Keeping Your Divorce On Track While Stuck At Home

By Frank Morano, Esq.

So you’ve hired a lawyer and filed a complaint for divorce but now you are quarantined and you hear the Courts are closed or only hearing emergent matters.  Does it feel like you are never getting divorced?  Not necessarily!  Many county courts will still go forward with uncontested divorces either on the papers (no appearances, just need to send the documents) or with a brief hearing telephonically or virtually.

You can be doing valuable work to keep your divorce process moving forward.

What can you be doing during this time? Well, there are many things you could be preparing for while you wait for the Courts to catch up.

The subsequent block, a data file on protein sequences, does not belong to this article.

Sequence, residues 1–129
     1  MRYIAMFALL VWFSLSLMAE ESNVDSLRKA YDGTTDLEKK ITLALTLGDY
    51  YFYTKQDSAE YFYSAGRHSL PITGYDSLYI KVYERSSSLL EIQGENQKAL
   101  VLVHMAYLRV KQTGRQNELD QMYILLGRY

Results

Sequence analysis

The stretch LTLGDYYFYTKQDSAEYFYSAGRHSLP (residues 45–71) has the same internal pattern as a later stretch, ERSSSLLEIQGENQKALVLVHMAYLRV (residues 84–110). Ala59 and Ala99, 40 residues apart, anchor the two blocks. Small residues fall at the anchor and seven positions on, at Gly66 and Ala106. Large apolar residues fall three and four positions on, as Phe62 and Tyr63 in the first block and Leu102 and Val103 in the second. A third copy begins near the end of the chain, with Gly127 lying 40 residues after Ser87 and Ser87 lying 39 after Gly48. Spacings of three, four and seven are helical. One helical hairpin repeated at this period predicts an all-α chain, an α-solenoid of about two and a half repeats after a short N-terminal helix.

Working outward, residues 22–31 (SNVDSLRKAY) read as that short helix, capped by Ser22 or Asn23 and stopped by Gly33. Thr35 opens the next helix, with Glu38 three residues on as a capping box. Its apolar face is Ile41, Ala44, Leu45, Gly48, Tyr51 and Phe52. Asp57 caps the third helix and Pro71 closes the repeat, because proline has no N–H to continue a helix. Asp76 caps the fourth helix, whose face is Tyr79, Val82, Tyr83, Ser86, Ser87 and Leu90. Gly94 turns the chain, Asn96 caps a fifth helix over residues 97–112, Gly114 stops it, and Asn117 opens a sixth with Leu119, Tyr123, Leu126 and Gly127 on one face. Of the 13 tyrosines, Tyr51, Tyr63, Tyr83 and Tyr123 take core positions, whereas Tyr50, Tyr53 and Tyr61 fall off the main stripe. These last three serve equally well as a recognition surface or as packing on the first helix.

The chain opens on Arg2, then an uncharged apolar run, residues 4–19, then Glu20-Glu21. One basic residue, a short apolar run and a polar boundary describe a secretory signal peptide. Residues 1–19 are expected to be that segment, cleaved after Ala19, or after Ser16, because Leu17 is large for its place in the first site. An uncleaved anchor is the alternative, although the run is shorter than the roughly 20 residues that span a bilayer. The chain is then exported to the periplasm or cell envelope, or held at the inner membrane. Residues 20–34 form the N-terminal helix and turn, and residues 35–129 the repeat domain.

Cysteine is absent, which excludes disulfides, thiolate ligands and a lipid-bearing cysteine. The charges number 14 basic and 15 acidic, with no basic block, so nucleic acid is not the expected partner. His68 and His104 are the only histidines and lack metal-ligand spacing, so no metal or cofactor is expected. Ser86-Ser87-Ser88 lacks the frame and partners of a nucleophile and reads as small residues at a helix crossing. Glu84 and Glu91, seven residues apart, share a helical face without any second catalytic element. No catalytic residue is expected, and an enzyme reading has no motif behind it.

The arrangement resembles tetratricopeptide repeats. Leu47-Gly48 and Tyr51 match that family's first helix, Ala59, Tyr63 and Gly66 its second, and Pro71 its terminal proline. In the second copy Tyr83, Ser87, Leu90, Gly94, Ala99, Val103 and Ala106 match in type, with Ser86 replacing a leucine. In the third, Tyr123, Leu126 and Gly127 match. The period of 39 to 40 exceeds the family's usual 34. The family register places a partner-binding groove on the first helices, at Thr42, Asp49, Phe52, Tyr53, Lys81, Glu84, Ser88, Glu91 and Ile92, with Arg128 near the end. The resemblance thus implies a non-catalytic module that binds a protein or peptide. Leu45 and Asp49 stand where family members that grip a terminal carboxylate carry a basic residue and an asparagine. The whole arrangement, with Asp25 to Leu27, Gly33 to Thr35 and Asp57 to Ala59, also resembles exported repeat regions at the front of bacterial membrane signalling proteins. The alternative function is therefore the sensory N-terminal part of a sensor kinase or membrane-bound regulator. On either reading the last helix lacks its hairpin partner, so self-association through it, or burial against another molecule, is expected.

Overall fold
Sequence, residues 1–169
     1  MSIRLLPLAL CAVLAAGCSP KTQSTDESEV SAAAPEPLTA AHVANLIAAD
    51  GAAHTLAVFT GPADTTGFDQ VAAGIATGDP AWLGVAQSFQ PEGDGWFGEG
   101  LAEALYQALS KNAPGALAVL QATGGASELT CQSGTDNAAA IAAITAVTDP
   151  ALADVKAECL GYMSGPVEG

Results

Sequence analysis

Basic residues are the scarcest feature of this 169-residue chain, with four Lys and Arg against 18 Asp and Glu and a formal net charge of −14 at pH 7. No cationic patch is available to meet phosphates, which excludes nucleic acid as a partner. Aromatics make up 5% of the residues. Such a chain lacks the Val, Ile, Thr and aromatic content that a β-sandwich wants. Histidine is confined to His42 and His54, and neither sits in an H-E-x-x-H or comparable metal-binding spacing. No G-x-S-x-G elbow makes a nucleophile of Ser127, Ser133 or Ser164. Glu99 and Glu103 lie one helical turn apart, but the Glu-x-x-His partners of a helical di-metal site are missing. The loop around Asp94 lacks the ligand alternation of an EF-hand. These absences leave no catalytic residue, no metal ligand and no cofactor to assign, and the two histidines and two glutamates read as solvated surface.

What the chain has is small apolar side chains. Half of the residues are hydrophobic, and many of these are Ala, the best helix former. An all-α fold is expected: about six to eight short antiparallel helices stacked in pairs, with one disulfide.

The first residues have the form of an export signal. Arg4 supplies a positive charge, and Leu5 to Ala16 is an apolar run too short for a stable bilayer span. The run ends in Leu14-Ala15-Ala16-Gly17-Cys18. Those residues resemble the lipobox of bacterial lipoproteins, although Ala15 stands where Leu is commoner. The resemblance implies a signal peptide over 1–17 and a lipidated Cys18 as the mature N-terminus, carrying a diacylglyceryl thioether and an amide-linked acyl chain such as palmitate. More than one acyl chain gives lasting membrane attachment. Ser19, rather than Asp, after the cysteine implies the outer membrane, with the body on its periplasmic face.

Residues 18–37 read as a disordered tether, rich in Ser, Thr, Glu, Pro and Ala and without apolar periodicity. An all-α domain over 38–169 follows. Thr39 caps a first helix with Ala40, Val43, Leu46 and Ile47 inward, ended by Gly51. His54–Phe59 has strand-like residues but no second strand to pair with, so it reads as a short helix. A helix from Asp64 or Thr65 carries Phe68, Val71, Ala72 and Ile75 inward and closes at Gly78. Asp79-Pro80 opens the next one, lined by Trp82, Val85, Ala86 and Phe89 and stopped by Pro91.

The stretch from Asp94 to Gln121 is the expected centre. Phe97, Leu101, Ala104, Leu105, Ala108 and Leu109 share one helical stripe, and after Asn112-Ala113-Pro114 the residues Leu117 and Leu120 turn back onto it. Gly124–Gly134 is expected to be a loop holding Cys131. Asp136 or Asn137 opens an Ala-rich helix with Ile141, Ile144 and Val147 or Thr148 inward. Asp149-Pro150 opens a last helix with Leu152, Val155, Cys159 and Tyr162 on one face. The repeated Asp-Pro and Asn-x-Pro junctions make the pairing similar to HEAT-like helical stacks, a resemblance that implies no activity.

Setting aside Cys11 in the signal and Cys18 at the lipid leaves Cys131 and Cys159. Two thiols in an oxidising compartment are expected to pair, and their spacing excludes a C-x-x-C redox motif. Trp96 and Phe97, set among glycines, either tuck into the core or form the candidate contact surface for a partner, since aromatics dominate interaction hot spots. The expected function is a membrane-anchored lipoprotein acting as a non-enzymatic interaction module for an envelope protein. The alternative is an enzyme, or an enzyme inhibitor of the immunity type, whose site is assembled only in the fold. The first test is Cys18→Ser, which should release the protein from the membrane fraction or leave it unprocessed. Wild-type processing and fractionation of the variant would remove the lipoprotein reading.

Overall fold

1. Complete your Case Information Statement: That multipage document which asks for all your financial information is one of the most important documents in your divorce.  This is the perfect time to hunker down and look up balances, pay stubs, and W2s and fill in as much as you can.  Review past credit card statements and bank statements to come up with what your monthly spending has been for the many different categories found in that form.
  • Gather important documents: We know, a home quarantine does not mean you have extra time on your hands.  Kids, homeschooling, work from home, exercising, cooking, and making sure you stay sane takes up 25 hours a day! But if you find yourself with some time, it’s the perfect opportunity to gather certain documents that you will most likely need, and, if you get to the discovery phase, will most likely be sought in a Notice to Produce.  The last few years of tax returns and W2s, your last several paychecks (which you need for your CIS anyway,) checking account statements, savings account statements, 401K statements, mutual funds, and other financial documents are important.